As Sam grows closer to Toni, he becomes more suspicious of Martha and Walter. Toni isn’t exactly the usual good girl in noir positioned against the femme fatale. But compared to Martha, she has integrity. It’s understandable why Sam would choose her, and not just because of Lizabeth Scott’s smokey-voiced allure. With Toni, it seems Sam can be himself as they go on dates and explore the town that he once called home. With Martha, everything is game, where she’s 10 paces ahead. Martha has a sharper tongue and mind, but the love she provides isn’t healthy or kind or true. Which is why, in the end, it seems her and Walter are meant for each other.


The film ends devastatingly. Walter, Sam, and Martha strip off their masks and lay the truth on the table. Walter, drunk of course, tells Sam about Martha, who didn’t even bat an eye when she testified against the innocent man in order to protect the riches she had come to appreciate. The sickness and guilt festering inside Walter bubbles to the surface. He pleads with Martha to help him with the sickness that lies inside of him. Walter falls down the stairs. When Martha sees him unconscious, she urges Sam to kill him; her voice like cool silk, a siren’s call that Sam does not heed. In asking Sam to kill Walter, Martha reveals her own ugliness. “I thought you loved me,” Martha says when Sam doesn’t kill Walter. “I thought I did too,” Sam replies. To Sam, Martha has a sickness too. A sickness that prohibits her from seeing what’s right and wrong, only what’s good for her and what isn’t.

Martha threatens to kill Sam because she can’t let him leave with all he knows now. Her teeth gritted. The gun held ahead of her. Her eyes maniacal. She relishes the idea of death. But her face falls when it’s clear that Walter won’t back up the story to cover up Sam’s murder. Sam is able to leave both of them to their rotten paradise, tossing out over his shoulder that he feels sorry for them. But the memory of them won’t leave their marriage. Martha decides things will be different between them like nothing ever happened. Something Walter knows isn’t true. They kiss passionately for the first time. And we see the glimmer of the gun in his hand. But Walter doesn’t have the steel, the gumption to do something so bold. When Martha notices the gun, a sickly joy crosses her face. And in one of the weirdest, sexiest, most fatalistic moments I’ve ever seen in film noir, she caresses his hand and brings the gun closer, helping Walter pull the gun closer. Before Martha dies, she says her real name, the one her father gave her: Martha Smith. Walter shoots himself in the chest as he cradles Martha’s dead body. Sam witnesses this; he’s disgusted and shocked. Eventually, Sam leaves to drive off with Toni, his own version of happily ever after. Meanwhile, Martha and Sam grow cold in their gilded prison.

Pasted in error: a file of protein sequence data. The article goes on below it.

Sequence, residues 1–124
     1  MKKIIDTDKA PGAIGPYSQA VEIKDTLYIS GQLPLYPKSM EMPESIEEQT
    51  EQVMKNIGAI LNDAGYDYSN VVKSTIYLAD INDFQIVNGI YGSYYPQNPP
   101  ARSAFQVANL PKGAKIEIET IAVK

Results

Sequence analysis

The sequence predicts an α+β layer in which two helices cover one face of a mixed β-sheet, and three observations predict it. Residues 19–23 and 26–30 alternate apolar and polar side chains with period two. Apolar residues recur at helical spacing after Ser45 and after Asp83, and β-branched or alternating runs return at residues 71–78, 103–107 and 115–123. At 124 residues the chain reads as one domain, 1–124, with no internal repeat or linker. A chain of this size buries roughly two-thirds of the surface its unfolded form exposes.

“The road curved but I didn’t,” is something Sam says when he rolls back into town as an adult. But it seems to apply much more to Martha’s life. The Strange Love of Martha Ivers illustrates the various prisons madwomen find themselves in: those they create and those that society builds for them. Martha is never able to reconcile the woman she had to become to survive — the kind of woman willing to protect herself by sending an innocent man to the gallows, the kind of woman who suggests murder as if it’s a dinner date… and the kind of woman she had once hoped to grow up to be.

Frank Capra once said of Barbara Stanwcyk, “she was the greatest emotional actress the screen has yet known.” This is especially true watching her play Martha. The madwomen that Stanwyck played often had a steely reserve that could get them through life and tragedy… until it couldn’t anymore. With Martha, Stanwyck creates a woman who is a tangled web of contradictions, mixing grace and terror, and a desire for honesty with an inability to be honest with herself. Like all the great femme fatales, she mixes the mythology of Medusa and Lilith, two figures scorned by society, evoking ideas of female anger and lust. I don’t pity Martha like Sam does. I don’t pity any madwoman. Pity often makes it difficult to see the truth in people, and at worst, it’s condescending. Instead, I wonder who she sees when she looks in the mirror, all decked in furs and jewels and an air of power. Did she see Martha Ivers there or Martha Smith? Did she see the cruel evocation of her aunt’s legacy that she became? Or did she see a glimmer of that young girl she once was… a girl aching for freedom, joy and love like all madwomen once were at some point, a long time ago?

Angelica Jade Bastién is a writer based in Chicago. She has been published by The Atlantic, Bright Wall/Dark Room, Movie Mezzanine and writes regularly for Vulture. You can find her on Twitter @angelicabastien and her website madwomenandmuses.com.